‘The Dawn Watch will win prizes. If it doesn’t, there is something wrong with the prizes’ Guardian
Migration, terrorism, the tensions between global capitalism and nationalism, the promise and peril of a technological and communications revolution: these forces shaped the life and work of Joseph Conrad at the dawn of the twentieth century. In this brilliant new interpretation of one of the great voices in modern literature, Maya Jasanoff reveals Conrad as a prophet of globalization as we recognize it today. As an immigrant from Poland to England, and in travels from Malaysia to the Congo to the Caribbean, Conrad navigated an interconnected world, and captured it in a literary oeuvre of extraordinary depth. His life story delivers a history of globalization from the inside out, and reflects powerfully on the aspirations and challenges of the modern world.
Joseph Conrad was born Jozef Teodor Konrad Korzeniowski in 1857, to Polish parents in the Russian Empire. At sixteen he left the landlocked heart of Europe to become a sailor, and for the next twenty years travelled the world’s oceans before settling permanently in London as an author. He saw the surging, competitive ‘new imperialism’ that planted a flag in almost every populated part of the globe. He got a close look, too, at the places ‘beyond the end of telegraph cables and mail-boat lines,’ and the hypocrisy of the west’s most cherished ideals.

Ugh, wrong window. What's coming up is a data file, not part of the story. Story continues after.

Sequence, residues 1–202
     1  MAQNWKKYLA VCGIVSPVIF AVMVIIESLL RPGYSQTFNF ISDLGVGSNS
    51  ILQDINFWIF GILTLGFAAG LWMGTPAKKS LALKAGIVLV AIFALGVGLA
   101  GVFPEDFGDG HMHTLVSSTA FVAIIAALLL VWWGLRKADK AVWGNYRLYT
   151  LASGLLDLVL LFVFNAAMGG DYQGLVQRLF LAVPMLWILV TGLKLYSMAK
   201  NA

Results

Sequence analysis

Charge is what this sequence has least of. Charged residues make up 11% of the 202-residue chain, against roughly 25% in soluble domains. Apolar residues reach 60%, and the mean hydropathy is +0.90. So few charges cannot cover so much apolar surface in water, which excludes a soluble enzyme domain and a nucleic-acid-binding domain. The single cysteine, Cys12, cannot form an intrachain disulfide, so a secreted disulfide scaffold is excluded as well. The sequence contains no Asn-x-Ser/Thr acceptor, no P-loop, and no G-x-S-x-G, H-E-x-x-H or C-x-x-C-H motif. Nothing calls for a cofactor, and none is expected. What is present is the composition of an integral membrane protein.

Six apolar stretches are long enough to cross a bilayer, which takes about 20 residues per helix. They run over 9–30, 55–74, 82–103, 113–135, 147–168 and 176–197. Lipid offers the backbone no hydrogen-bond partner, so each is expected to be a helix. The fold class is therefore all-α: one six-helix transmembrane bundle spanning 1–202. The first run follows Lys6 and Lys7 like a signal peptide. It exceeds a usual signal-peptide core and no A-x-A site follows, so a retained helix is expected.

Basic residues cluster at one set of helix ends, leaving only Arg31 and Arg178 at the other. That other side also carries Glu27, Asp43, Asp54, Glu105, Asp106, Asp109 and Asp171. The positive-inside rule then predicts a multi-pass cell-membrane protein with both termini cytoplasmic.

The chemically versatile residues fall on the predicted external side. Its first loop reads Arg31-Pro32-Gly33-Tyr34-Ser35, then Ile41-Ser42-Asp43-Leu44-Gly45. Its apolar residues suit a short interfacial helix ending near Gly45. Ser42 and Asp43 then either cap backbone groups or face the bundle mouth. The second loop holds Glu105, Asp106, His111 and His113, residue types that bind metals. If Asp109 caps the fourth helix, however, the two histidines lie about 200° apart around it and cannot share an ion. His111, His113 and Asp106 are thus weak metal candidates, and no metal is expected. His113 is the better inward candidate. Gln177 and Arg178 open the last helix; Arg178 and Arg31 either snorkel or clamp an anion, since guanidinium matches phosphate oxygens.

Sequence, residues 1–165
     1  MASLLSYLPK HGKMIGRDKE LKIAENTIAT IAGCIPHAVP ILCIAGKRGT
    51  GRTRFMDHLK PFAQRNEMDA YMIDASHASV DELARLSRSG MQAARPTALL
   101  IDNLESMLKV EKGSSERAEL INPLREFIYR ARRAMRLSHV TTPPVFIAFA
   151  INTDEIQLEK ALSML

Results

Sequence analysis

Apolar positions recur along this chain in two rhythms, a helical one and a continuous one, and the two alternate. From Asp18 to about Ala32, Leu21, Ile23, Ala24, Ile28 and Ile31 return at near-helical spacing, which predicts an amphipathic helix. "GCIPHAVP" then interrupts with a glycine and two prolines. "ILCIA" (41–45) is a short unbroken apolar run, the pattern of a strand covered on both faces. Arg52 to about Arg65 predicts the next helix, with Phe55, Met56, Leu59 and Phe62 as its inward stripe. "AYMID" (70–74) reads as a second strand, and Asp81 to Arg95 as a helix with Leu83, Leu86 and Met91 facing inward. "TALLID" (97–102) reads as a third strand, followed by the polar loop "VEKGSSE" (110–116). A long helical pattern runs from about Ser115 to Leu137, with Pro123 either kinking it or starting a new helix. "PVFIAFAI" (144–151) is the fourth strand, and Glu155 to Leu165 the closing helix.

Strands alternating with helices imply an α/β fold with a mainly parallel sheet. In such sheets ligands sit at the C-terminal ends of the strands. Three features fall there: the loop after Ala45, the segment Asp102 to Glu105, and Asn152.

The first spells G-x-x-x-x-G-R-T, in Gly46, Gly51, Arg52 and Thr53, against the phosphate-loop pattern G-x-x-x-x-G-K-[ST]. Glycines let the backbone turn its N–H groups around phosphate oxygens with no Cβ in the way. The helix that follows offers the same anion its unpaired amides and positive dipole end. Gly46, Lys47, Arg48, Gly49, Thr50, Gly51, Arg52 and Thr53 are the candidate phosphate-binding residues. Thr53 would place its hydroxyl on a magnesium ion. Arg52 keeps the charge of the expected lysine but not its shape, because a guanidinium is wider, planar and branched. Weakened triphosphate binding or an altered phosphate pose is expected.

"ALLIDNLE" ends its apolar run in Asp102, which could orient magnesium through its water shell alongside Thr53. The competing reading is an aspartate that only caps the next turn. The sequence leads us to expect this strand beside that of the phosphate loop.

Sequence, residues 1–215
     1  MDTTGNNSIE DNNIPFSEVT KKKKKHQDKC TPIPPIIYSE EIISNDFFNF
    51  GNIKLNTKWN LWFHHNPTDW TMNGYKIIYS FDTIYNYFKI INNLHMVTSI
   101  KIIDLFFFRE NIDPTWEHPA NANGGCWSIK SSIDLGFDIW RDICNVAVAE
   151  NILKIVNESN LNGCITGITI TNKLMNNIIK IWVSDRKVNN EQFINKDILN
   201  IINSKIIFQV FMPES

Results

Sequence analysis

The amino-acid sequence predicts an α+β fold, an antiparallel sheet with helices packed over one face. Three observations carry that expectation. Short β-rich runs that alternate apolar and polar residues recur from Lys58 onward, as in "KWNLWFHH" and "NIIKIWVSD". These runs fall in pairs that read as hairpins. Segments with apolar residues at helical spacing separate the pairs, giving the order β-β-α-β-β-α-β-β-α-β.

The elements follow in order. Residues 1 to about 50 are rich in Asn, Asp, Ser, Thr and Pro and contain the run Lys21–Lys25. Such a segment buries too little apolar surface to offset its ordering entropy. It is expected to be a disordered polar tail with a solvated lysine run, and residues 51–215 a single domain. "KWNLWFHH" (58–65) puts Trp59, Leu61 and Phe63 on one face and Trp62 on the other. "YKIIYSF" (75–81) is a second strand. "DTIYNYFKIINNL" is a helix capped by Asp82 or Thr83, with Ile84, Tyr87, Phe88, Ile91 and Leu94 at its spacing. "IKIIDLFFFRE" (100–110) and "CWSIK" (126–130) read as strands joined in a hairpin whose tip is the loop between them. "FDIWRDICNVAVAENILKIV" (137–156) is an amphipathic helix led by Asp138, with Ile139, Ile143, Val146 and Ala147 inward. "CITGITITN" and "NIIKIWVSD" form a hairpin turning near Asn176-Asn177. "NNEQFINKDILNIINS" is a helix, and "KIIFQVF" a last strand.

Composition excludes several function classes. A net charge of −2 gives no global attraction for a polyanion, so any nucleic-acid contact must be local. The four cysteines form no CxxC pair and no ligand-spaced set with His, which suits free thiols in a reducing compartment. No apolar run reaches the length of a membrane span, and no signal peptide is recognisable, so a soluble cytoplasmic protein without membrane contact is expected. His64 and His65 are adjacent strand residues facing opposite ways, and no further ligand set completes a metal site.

In a compelling blend of history, biography and travelogue, Maya Jasanoff follows Conrad’s routes and the stories of his four greatest works: The Secret Agent, Lord Jim, Heart of Darkness, and Nostromo. Genre-bending, intellectually thrilling and deeply humane, The Dawn Watch embarks on a spellbinding expedition into the dark heart of Conrad’s world – and through it to our own.
Maya Jasanoff is Coolidge Professor of history at Harvard University. Her first book, Edge of Empire, was awarded the 2005 Duff Cooper Prize and was a book of the year selection in numerous publications including the Economist, Guardian and Sunday Times. Her second, Liberty’s Exiles was shortlisted for the 2011 Samuel Johnson Prize (now Baillie Gifford). A 2013 Guggenheim Fellow, Jasanoff won the prestigious 2017 Windham-Campbell Prize for Non-Fiction. Her essays and reviews appear frequently in publications including The Guardian, The New York Times, and The New York Review of Books.